The research and education (R&E) community that created Internet2 in 1996 was the same community whose innovation laid the foundation for nearly every important Internet technology we use today, including the Internet Protocol (IP), UNIX, the World Wide Web, social networking, videoconferencing, and many others.
What was the motivation for the creation of Internet2? To create an official "agent" of the R&E community, charged with ensuring that it continue to provide the same kind of leadership that drove the development of the Internet and made possible all the innovation that poured out afterward; to permanently remove the limitations of bandwidth from the equation and see what kinds of remarkable, life-changing, society-changing discoveries would happen.
New and significantamp amachallenges have since emerged that are creating a new paradigm for the R&E community. These forces include globalization, the proliferation of large-scale distributed science projects, the rise of for-profit education, the increased importance of lifelong learning, emerging needs for risk management, and, most significantly, the decrease in funding for education while costs continue rising rapidly. In the face of these challenges, how can the community come together and leverage its investment in Internet2 to ensure that the fundamental requirements of R&E remain strong, to again lower the barriers of entry into discovery, and to spread the benefits of those discoveries far and wide?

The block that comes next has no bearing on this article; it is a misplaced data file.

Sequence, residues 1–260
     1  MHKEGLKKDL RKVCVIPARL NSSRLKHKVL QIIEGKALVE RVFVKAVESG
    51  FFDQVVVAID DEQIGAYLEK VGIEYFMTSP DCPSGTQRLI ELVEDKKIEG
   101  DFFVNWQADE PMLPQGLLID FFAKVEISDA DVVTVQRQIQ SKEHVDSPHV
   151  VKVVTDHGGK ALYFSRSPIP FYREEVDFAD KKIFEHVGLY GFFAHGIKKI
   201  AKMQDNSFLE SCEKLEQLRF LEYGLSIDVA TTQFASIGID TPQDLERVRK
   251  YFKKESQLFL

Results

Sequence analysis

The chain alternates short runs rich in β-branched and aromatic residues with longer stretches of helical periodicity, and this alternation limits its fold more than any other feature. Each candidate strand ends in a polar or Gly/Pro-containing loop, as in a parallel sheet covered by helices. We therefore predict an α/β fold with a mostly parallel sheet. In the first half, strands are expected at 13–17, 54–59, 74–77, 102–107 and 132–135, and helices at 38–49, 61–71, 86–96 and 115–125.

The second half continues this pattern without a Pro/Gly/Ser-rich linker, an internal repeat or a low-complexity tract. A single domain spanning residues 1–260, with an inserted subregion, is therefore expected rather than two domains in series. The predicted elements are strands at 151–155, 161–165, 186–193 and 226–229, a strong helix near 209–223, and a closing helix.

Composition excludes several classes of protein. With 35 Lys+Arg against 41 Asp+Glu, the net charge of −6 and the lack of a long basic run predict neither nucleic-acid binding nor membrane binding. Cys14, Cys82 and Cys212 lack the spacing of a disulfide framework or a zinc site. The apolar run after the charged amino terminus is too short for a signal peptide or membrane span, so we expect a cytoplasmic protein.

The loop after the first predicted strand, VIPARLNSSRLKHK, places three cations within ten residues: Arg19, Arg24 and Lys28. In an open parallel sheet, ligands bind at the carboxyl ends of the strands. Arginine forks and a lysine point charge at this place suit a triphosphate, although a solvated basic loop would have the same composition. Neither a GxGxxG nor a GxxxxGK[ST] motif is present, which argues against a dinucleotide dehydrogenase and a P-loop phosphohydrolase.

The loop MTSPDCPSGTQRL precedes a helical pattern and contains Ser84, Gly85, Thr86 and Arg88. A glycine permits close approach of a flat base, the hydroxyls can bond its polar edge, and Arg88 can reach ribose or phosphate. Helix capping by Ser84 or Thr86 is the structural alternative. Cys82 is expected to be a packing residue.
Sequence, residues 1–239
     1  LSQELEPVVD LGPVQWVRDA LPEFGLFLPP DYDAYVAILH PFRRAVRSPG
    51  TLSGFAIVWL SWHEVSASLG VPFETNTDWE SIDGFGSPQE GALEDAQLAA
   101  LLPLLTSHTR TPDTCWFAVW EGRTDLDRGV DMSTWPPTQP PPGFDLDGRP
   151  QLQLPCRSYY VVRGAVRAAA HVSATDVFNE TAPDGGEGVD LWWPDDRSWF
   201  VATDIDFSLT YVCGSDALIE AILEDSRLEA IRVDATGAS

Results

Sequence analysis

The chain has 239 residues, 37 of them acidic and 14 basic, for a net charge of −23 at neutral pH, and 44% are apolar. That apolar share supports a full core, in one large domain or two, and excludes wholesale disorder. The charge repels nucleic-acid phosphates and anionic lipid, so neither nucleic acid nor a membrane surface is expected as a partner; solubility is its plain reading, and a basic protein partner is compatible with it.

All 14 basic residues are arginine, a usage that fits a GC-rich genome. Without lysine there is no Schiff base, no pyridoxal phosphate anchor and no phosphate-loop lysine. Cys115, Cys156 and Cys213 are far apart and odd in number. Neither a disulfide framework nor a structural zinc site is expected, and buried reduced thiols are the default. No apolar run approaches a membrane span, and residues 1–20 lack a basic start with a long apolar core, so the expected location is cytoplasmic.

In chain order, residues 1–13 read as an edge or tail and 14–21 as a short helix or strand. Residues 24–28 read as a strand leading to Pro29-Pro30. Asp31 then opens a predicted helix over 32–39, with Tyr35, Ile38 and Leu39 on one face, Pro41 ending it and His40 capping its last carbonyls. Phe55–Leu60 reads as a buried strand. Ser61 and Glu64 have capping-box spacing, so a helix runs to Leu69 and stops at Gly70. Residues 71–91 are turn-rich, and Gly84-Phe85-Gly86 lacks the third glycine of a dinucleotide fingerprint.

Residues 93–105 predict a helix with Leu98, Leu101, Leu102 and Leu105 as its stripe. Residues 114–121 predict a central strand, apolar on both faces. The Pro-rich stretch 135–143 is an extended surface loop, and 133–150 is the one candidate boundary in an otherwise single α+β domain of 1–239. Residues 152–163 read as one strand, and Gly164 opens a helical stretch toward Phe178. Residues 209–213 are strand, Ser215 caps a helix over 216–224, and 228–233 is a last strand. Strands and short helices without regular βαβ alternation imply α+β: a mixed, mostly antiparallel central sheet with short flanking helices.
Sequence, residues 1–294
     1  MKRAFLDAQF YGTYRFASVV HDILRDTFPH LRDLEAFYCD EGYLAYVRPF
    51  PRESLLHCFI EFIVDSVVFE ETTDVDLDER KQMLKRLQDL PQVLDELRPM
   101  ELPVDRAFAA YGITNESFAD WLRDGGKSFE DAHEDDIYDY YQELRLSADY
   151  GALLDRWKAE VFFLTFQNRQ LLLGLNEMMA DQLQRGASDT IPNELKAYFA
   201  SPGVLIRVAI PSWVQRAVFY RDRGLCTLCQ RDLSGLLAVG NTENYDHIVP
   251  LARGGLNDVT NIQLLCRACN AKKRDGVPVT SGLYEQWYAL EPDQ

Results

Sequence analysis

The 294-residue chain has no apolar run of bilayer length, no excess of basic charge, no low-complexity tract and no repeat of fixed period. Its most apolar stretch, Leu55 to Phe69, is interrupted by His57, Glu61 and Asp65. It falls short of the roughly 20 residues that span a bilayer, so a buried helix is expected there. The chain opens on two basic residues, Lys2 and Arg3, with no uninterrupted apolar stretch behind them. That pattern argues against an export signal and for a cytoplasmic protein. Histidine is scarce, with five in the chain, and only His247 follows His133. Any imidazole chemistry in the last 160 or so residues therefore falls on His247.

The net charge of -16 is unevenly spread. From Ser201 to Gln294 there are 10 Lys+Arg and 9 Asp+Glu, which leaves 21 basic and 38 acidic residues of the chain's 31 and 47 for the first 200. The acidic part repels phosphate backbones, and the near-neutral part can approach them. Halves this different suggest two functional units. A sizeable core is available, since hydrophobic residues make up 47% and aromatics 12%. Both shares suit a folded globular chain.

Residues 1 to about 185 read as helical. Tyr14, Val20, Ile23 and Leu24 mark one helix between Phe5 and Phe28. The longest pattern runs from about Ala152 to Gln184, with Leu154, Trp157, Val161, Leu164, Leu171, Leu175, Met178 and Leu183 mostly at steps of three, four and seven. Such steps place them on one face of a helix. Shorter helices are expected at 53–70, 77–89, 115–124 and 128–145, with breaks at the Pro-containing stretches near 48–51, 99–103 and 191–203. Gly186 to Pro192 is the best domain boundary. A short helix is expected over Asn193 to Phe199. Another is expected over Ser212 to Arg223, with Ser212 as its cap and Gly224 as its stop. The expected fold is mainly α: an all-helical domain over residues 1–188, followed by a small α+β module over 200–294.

H. David Lambert, recently named Internet2's president and CEO, will describe how these forces and opportunities are aligning Internet2's vision and mapping its path forward.